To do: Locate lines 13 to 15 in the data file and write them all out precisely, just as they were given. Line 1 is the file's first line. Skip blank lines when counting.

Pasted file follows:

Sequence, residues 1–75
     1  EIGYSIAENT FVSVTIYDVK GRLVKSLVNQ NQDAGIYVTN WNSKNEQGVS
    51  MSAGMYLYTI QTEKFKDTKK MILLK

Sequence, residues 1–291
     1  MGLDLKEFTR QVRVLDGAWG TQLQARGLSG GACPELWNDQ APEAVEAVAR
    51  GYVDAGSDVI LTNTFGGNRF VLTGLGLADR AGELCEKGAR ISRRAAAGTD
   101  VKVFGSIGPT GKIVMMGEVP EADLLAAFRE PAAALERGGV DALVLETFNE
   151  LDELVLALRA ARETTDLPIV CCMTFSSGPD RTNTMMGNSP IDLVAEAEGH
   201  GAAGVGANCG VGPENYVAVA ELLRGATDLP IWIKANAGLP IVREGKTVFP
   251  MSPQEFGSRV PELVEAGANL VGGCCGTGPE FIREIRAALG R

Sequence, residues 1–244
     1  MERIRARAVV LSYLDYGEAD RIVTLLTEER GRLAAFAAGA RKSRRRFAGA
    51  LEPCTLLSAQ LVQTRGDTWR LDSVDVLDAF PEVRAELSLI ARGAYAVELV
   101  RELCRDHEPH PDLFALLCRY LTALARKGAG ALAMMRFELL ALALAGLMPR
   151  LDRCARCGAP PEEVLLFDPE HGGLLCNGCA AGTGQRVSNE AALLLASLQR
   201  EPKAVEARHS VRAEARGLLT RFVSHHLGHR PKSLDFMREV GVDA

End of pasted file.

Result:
    51  LEPCTLLSAQ LVQTRGDTWR LDSVDVLDAF PEVRAELSLI ARGAYAVELV
   101  RELCRDHEPH PDLFALLCRY LTALARKGAG ALAMMRFELL ALALAGLMPR
   151  LDRCARCGAP PEEVLLFDPE HGGLLCNGCA AGTGQRVSNE AALLLASLQR